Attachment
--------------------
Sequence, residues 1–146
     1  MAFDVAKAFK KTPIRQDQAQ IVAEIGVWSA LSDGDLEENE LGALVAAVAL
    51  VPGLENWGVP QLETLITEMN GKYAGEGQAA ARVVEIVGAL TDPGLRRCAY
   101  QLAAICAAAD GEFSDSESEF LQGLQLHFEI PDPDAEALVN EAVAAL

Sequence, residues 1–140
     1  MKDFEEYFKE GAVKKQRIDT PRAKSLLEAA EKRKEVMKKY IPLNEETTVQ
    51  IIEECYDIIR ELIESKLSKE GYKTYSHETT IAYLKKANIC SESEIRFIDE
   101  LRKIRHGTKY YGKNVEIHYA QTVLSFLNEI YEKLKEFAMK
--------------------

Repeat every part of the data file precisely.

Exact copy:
Sequence, residues 1–146
     1  MAFDVAKAFK KTPIRQDQAQ IVAEIGVWSA LSDGDLEENE LGALVAAVAL
    51  VPGLENWGVP QLETLITEMN GKYAGEGQAA ARVVEIVGAL TDPGLRRCAY
   101  QLAAICAAAD GEFSDSESEF LQGLQLHFEI PDPDAEALVN EAVAAL

Sequence, residues 1–140
     1  MKDFEEYFKE GAVKKQRIDT PRAKSLLEAA EKRKEVMKKY IPLNEETTVQ
    51  IIEECYDIIR ELIESKLSKE GYKTYSHETT IAYLKKANIC SESEIRFIDE
   101  LRKIRHGTKY YGKNVEIHYA QTVLSFLNEI YEKLKEFAMK